Emmett Scanlon is an architect focused on the social purpose of architecture. His installation Nine Lives in the TANK at Design Museum, London, is part of New Horizon_architecture from Ireland, launching today at London Festival of Architecture. His practice includes the design of buildings, academic research, architectural education, policy development and architectural curation and criticism. Telling the story of nine spaces created by emerging Irish architects, Nine Lives is an installation of photography, drawings, interviews and objects.

We spoke to him to learn more about his curation of the work of nine architecture practices, his views on architecture in contemporary Ireland and the dynamic between design and use. The starting point for Nine Lives arose out of Emmett's current research into how the Irish design, occupy and use space, in particular the spaces of the home. 

I am interested in the social life of architecture, and Ireland is curious because we have resisted trends emerging in other European countries to develop new forms of architectural practice to make architecture a more social and democratic practice. My proposition is that in Ireland there is a very sophisticated and quite complex relationship between our family and community lives and our built world. I don’t really accept the idea that the Irish are property-hungry and greedy but instead propose that the we are a country that is changing, maturing and finding new ways to nurture social and community life and we express this through how we use and appropriate space, and in particular our homes.

However we don’t look at how what we build is actually used, we talk only about the production or commercial value of property. At the heart of Nine Lives is my desire to present the occupation and use of these fantastic architectural designs as an equally creative act, one in which contemporary family and community life are emerging and can be found. 

Tying into the theme of London Festival of Architecture, all of the projects in Nine Lives are presented as infinite works in progress, and documentations of a new space in the home – the work-room.

I am showing two moments from their past, but they all have a future, they will change over time, so architecture itself is presented here as a never ending work in progress. When I was choosing the specific rooms to show in Nine Lives, I tried to find rooms that were rooms for work. Many more people work at home now, formally or informally, building specific work studios or temporarily turning a bedroom or playroom into an office or art space for example. The outdoor classroom in Nine Lives is a growing, working garden, another kind of work-room.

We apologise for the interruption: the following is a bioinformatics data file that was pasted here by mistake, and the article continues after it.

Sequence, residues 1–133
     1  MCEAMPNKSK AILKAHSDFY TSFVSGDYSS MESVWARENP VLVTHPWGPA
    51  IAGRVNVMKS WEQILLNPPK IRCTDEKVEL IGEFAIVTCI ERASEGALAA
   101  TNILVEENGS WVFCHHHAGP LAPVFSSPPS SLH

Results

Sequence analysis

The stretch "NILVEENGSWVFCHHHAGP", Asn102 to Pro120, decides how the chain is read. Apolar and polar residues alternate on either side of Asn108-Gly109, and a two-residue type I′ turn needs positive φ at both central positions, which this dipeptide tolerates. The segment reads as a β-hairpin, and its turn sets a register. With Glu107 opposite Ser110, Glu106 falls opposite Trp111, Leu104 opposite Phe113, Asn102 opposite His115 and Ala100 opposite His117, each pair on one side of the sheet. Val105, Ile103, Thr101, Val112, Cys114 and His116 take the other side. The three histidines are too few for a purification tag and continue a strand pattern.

Presenting the work of several different practices in Nine Lives, Emmett wanted to show how rooms change over the course of their inhabitation – something that is out of the control of the architects who have designed them. It also gave him an opportunity to gather and show the work of the best Irish architectural and documentary photographers, with 23 different practices and people represented.

In order to present the overall thesis of Nine Lives I returned to each project with a photographer who had never visited before. We met and talked with those using these rooms and listened to their stories. We made photographs and we hoped to develop a view or further our understanding and knowledge of how the rooms have been used or occupied since the architectural design phase was completed. We didn’t tidy up, or wait for the sun, or arrange the fruit bowl. In the Tank, I have placed these new photographs beside a photograph that was taken when the architectural design was deemed complete and the project released to the architectural media. There is one exception to this – the outdoor classroom, which was complete in April, so for that a drawing of an imagined future was made. It is important to say that Nine Lives is not about judgment or an assessment on what is good and bad design – it merely sets out to state the obvious really in that, whether architects like it or not, rooms adapt and change over time and our engaged observation of this process in parallel with studying the design, might reveal something about who we are and the value of the designed spatial world to society. We can learn from this I think.

I think all I really care about right now is the dynamic between design and use, production and consumption and how for architecture, I think all of us architects need to consider these two things more consciously as the core constituents of our work. I don’t believe architecture stops when the architect completes their commission because I think that view denies the element of time and that is just impossible to avoid. Nine Lives reflects my current interest in the nature and form of architecture in contemporary society and in learning to read our built spatial biographies.

To be part of London Festival of Architecture has been fantastic, a genuine honour, and a significant personal catalyst to be asked to curate Nine Lives at the Design Museum. It has allowed me to consolidate many strands of thinking that have been threading my practice in the last year or so, offering me an opportunity to draw conclusions and move on to the next stages of my thinking. I have also been able to work with other architects, to spend time with and learn from those incredible people who commissioned these architects, with designers, our best Irish photographers, the curators and the team at ID2015.

Nine Lives is on show at the Design Museum Tank, Shad Thames, London, SE1 2YD, from June 1st until 28th with a curators talk on the 7th and 14th at 2pm.



Words by Alex Calder.

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